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Bills and legislations consultations parent carer forum guidance

Proposed changes to the Mental Capacity Act 2005 Code of Practice and implementation of the Liberty Protection Safeguards

Policy briefing for parent carer forums

The Government are consulting on the proposed changes to the Mental Capacity Act 2005 (MCA) Code of Practice, which includes guidance on the new Liberty Protection Safeguards (LPS) system. The consultation is also seeking views on the LiPS regulations, which will underpin the new system.

You can access the consultation here.

This is a joint consultation published by the Department of Health and Social Care (DHSC) and the Ministry of Justice (MoJ).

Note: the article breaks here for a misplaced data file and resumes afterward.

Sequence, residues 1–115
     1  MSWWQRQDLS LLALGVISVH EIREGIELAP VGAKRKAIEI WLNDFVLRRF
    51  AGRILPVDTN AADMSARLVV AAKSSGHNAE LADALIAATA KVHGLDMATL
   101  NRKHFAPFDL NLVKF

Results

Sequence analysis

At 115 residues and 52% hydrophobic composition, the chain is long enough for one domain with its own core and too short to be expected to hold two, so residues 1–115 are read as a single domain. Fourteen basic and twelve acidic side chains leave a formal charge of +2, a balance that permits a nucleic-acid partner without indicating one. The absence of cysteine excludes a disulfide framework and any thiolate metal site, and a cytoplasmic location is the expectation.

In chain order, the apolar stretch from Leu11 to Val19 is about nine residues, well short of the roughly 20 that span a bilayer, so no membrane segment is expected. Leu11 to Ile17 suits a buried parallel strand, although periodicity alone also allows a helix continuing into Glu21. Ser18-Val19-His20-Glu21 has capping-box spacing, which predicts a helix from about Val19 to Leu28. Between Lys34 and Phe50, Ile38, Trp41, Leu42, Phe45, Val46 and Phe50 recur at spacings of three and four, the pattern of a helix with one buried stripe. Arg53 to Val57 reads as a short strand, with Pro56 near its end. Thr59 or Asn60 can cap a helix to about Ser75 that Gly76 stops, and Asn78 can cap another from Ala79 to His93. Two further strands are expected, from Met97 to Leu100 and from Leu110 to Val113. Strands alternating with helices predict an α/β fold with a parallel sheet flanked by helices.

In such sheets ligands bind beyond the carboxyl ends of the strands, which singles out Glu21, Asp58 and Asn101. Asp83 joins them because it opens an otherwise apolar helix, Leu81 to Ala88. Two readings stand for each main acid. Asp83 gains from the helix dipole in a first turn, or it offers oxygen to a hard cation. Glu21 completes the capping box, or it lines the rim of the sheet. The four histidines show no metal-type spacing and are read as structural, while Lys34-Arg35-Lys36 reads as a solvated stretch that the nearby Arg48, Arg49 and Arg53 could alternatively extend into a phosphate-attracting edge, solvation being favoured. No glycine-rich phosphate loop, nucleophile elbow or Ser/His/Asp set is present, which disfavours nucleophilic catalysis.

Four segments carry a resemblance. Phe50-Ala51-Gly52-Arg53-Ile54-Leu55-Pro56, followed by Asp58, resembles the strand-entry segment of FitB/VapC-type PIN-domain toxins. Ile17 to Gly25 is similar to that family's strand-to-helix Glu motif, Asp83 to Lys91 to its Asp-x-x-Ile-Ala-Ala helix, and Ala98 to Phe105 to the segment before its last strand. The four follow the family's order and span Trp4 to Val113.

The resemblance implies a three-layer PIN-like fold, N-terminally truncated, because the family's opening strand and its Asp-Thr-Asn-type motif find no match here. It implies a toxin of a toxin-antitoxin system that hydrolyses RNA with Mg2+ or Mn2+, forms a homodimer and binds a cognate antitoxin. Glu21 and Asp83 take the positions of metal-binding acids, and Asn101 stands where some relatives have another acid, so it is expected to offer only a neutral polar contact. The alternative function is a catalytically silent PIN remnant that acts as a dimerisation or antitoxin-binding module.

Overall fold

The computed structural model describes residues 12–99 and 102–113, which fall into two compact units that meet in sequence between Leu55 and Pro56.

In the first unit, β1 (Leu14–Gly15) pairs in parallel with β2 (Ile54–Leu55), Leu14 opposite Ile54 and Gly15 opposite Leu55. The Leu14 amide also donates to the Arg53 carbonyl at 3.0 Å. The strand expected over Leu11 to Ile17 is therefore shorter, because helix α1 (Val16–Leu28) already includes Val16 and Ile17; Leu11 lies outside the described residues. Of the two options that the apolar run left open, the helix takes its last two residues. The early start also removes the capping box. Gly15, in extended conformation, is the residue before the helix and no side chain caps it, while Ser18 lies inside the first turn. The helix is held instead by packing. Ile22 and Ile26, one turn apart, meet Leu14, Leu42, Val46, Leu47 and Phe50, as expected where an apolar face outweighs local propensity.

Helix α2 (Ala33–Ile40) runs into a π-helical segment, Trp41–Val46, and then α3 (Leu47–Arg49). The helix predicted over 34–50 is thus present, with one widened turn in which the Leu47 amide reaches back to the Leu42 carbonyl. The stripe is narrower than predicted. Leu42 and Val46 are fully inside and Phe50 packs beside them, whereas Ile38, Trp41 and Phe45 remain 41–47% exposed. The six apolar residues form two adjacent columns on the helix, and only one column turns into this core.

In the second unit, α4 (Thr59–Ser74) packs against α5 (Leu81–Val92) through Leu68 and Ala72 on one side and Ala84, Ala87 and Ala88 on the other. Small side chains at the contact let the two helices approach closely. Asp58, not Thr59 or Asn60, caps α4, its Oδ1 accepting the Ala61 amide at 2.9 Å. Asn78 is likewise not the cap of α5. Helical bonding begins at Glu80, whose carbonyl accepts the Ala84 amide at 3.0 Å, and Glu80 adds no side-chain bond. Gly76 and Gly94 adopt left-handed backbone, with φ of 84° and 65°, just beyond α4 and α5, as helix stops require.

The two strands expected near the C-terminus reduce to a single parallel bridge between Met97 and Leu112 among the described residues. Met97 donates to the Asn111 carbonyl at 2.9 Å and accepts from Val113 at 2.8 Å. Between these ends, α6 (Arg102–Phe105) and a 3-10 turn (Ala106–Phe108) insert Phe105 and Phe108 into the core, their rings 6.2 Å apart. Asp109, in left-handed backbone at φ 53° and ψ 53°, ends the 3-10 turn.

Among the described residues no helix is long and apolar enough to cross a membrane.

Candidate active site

The LPS will apply to people over the age of 16, and the Department for Education (DfE) has been involved in the development of this new system.

What is Mental Capacity?

Mental capacity is the ability to make decisions.

This could be small decisions like what we eat or the clothes we wear, or could be much bigger decisions, for example where we live and who we live with.

The Mental Capacity Act (MCA) sets some important key principles. 

  • The starting point should be that a person must be assumed to have capacity unless it is established that they lack capacity.
  • A right to support in making decisions: “A person is not to be treated as unable to make a decision unless all practicable steps to help him to do so have been taken without success.” The right to make unwise decisions: “A person is not to be treated as unable to make a decision merely because he makes an unwise decision.”
  • Capacity is based on a single decision at a single time, so some people may have fluctuating capacity, meaning they can decide one day and not the next depending on their wellbeing. Therefore, this needs to be taken into consideration when assessing capacity and considering a time when someone is likely to be at their most able to make a decision.